It was Aaliyah Johnson’s moment. One she never thought she’d have.
Johnson ran down the basketball court Thursday, hoping to make the shot. The fingers of her right hand pinched the seam of her Mead Panthers uniform, while her left arm pumped as she ran. Her teammates set a screen, blocking the opposing Gonzaga Prep players, and she heaved the basketball toward the rim with her one good hand.
She missed. A teammate rebounded and threw the ball right back to her and she took another shot.
The second shot was closer. It hit the side of the backboard and then the other team grabbed it and ran down the court. It was 53 seconds of sportsmanship on display by two teams with a league championship at stake. And it meant so much to a young lady who had her own dreams of playing competitive basketball robbed by disease.
Mead won the contest 51-47.
Thursday’s game meant a lot to the Mead senior girls including Johnson. Their parents all came to watch their last home game; they were given a present from the team and a few words they had written were read over the speaker.
For Johnson, 18, the game meant so much more. It was her first opportunity to play a game since she was diagnosed with transverse myelitis four years ago. After extensive rehab, she is able to walk and use her left arm, but she can’t use what was her dominant right arm. She has been the team manager ever since.
Coach Quantae Anderson put her in the game Thursday, setting up the play with her teammates.
Despite the miss, she said it felt great to be out there.
“She’s the one girl that deserves a shot,” Anderson said.
Johnson started playing basketball when she was in kindergarten. Her parents, Mark Johnson and Kendra Peck, both played. It was natural their daughter would play as well.
In the fourth grade she played in Spokane AAU Basketball and played well. By the eighth grade, Johnson and her teammate Jade Redmon were looking forward to playing at Mead High.
Assistant coach and Jade’s father, Fred Redmon, said both girls had the skills needed to play at the high school level.
“They were ready to make a good run for varsity,” Redmon said.
But one day during winter vacation in 2008, Johnson woke up with a sore shoulder. She went to the mall with friends and one of her arms went limp. Then she lost the use of her other arm. She sat on a bench and her legs stopped working. By the time the paramedics arrived, she was paralyzed from the neck down.
“It was really scary,” she said.
At the hospital, she received a CAT scan. Doctors couldn’t find anything and released her. She couldn’t move.
They gave her another scan and found the fluid in her spinal cord was milky white instead of clear. She was diagnosed with transverse myelitis, a rare neurological disorder caused by inflammation of the spinal cord.The website for the National Institute of Neurological Disorders and Stroke said that about 33,000 people in America have some type of disability from it.
She spent two weeks in the hospital and was starting to get back some mobility. After a month and a half in a rehab center, she could walk with a walker, but used a wheelchair.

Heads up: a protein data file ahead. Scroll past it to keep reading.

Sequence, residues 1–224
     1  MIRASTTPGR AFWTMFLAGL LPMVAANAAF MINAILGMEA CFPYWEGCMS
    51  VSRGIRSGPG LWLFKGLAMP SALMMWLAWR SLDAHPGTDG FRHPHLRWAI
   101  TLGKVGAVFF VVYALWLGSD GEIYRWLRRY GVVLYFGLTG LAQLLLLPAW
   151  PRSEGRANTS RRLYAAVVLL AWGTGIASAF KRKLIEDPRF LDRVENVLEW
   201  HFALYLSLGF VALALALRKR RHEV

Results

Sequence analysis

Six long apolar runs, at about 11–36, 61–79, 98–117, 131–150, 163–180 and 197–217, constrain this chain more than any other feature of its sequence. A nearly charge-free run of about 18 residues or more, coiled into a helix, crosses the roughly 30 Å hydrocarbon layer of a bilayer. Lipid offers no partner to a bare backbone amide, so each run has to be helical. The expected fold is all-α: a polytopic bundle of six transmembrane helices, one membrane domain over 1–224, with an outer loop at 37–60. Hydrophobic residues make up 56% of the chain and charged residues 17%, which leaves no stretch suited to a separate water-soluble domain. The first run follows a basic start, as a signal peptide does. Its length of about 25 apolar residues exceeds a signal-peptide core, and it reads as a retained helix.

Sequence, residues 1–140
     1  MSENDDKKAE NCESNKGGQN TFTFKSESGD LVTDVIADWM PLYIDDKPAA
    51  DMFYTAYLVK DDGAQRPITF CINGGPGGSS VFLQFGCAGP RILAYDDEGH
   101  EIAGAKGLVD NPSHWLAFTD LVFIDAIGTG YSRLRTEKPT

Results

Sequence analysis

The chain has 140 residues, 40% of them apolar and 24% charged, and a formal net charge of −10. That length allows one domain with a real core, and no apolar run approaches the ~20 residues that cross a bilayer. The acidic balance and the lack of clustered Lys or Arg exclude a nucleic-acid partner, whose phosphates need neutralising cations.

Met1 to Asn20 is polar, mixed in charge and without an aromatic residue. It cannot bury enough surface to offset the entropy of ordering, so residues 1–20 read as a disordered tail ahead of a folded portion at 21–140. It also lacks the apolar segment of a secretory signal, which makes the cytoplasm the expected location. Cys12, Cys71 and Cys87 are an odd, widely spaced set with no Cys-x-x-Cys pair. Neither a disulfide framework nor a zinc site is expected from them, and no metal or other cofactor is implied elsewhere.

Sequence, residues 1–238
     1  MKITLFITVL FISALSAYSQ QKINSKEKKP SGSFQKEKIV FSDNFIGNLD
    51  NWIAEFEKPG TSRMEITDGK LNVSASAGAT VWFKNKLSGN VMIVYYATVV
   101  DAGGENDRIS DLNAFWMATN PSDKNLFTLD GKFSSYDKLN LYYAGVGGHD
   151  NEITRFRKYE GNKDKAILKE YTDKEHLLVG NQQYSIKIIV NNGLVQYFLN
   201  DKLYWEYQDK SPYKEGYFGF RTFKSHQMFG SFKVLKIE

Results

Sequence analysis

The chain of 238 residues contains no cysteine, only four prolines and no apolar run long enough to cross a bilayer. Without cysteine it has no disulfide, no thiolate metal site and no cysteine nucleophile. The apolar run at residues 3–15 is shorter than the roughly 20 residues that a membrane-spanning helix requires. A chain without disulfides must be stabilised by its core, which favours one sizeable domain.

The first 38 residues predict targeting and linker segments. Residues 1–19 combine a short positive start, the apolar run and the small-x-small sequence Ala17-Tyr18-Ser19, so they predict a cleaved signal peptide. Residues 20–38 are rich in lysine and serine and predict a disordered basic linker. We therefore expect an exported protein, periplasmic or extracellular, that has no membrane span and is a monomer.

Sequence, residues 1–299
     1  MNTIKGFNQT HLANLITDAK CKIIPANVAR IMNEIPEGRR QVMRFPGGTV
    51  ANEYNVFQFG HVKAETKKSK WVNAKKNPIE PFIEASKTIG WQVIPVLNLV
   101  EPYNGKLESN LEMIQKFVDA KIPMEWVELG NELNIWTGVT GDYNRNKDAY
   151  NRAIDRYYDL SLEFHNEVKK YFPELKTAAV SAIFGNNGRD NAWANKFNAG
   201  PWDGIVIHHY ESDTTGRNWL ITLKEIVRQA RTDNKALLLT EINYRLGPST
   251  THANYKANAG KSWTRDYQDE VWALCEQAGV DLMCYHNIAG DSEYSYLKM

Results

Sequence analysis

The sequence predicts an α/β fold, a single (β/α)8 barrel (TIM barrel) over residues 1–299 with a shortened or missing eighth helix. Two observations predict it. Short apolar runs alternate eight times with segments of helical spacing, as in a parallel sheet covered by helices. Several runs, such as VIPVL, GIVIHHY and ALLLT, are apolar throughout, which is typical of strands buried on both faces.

It wasn’t until the end of her freshman year when she could walk again without an aid and use her left arm. Her right arm no longer worked, so she had to learn to write with her left hand.
Johnson could no longer play basketball when she arrived at Mead, but the coaches asked her to be the manager.
Anderson said Johnson runs the clock, throws passes during drills, keeps score for the junior varsity team and gets the team ready for pre-game.
“She’s the ultimate manager,” Anderson said. “She doesn’t allow people to feel sorry for her. She doesn’t accept pity.”
Anderson said he thought it would be nice to put Johnson in a game at the end of last year. He asked her to talk to her doctors before setting anything up, since she would have to participate in 10 practices to be eligible to play. As of Wednesday, she has participated in 12.
There are six seniors on the team and one of them is injured, so Johnson had a spot, but after talking to the team, he realized the girls on his team are selfless.
“Any one of those girls would have given up their starting spot for that,” Anderson said.
Meghan Elmore broke her foot during volleyball season and has been sitting out. She remembers playing with Johnson at Northwood Middle School and said she and her teammates are very excited for Johnson.
“They are thrilled,” Elmore said. “This has been a goal for her, and we’re happy to see how far she’s come.”
Along with giving one of their own a shot to play, the outcome of the game was important to both teams. Mead and Gonzaga Prep were tied for first place with 18 wins and one loss. Mead won and was crowned champion of the Greater Spokane League.
“We have a tremendous amount of respect for her,” said Mike Arte, head coach of Prep’s team. Some of his team members know Johnson, and Arte said each of them know what kind of commitment it takes to be involved in basketball at any level, whether it be as a teammate, a coach or a manager.
Arte said he announced to his players during Wednesday’s practice that Johnson would start. While he acknowledged the importance of this game, he and his team were looking forward to Johnson getting her shot.
“It will be interesting to watch,” Arte said. “I’m sure it will be emotional for her, and we certainly want to honor that.”
It was emotional for her mother, who said watching her play was very hard for her, yet rewarding.
Peck said she didn’t care that Johnson didn’t make the shot.
“She still loves the game and she still loves her friends.”
What were the circumstances when you threw up in public? https://www.youtube.com/watch?v=iKS0GVvoE9I
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